Abstract 15107: Increase in Ventricular Stiffness in Patients with Systemic Autoimmune Disease without Accompanied Ventricular Concentric Remodeling
Background: Remodeling is the accepted cause of left ventricular (LV) stiffness which contributes to myocardial diastolic dysfunction. The aim of this study was to determine whether early remodeling plays a role in ventricular stiffness (elastance) changes in patients with systemic autoimmune but without cardiovascular diseases.
Methods: Ninety-one patients with psoriasis arthritis (PsA), 81 patients with systemic lupus erythematosus (SLE) and 134 controls, who had no clinical evidence of cardiovascular diseases, underwent conventional echocardiography and tissue Doppler imaging. Those with hypertension and/or LV hypertrophy were excluded. As a result, 49 patients with PsA, 37 with SLE and 75 controls were enrolled. To evaluate LV stiffness and subclinical diastolic dysfunction, the ratio of the mitral inflow early diastolic filling velocity (E) to the peak early diastolic velocity at lateral mitral annular (E’) was measured. LV diastolic elastance, a marker of stiffness, was estimated as E/E’ divided by LV stroke volume. Subclinical LV diastolic dysfunction was identified by E’ <11.5cm/s and/or E/E’ >10.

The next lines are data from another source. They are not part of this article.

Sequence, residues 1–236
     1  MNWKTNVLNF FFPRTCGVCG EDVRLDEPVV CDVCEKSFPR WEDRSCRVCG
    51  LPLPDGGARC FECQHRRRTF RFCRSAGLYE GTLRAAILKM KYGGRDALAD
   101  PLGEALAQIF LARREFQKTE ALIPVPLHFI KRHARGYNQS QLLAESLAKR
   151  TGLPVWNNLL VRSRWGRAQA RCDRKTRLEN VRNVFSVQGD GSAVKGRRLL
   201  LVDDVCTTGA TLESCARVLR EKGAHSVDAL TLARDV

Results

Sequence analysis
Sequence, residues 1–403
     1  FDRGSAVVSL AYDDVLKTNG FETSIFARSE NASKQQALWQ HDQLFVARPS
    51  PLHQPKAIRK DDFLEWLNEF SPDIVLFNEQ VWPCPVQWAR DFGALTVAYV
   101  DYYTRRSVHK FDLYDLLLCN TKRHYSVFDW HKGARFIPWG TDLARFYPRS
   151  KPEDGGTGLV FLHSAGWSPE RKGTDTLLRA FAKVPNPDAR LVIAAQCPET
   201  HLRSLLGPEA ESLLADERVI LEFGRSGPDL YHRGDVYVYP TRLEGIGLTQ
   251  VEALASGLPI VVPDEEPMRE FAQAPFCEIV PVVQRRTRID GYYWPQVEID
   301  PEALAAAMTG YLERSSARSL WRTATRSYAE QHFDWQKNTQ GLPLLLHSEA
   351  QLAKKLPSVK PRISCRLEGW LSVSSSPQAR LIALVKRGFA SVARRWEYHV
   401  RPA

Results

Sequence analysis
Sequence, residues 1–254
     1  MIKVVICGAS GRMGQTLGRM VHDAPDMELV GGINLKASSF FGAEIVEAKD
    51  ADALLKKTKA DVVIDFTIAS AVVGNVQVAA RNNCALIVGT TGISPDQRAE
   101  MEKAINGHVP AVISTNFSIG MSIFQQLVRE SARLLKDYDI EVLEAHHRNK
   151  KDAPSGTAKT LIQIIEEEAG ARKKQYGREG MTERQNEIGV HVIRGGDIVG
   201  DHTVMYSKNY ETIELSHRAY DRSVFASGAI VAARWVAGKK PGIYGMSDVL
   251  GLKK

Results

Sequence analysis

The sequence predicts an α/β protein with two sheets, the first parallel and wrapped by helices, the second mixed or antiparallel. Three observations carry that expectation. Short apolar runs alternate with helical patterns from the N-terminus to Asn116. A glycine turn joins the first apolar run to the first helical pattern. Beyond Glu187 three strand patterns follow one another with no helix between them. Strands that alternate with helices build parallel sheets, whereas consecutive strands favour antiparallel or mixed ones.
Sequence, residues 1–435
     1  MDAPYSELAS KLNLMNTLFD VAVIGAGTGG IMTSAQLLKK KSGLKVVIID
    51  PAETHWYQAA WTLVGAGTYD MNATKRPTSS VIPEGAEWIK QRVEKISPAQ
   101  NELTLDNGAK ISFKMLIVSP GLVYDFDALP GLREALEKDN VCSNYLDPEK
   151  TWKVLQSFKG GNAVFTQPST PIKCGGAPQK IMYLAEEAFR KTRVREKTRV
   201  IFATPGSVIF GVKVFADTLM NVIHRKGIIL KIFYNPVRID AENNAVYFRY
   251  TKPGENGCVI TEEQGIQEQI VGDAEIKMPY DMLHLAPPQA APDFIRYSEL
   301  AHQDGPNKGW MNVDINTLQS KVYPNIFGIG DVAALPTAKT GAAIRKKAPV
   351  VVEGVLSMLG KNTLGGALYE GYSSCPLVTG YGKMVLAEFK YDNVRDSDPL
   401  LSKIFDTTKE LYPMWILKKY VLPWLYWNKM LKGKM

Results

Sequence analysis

Results: Age, blood pressure and LV mass index were comparable among three groups. In both patients groups with SLE and PsA, LV elastance was increased significantly (p<0.001), which was associated with a higher prevalence of LV diastolic dysfunction (p=0.012) (Table). Intriguingly, only the SLE group had increase in prevalence of LV concentric remodeling (p<0.001), but not those with PsA. Furthermore, ventricular diastolic stiffness was correlated with PSA (r=0.350, p=0.021) and SLE duration (r=0.375, p=0.022).
Conclusions: As patients with PsA had increased in ventricular stiffness without accompanied concentric remodeling, this suggests that other factors might have played a role in patients with systemic autoimmune disease which warrant further studies.
- © 2011 by American Heart Association, Inc.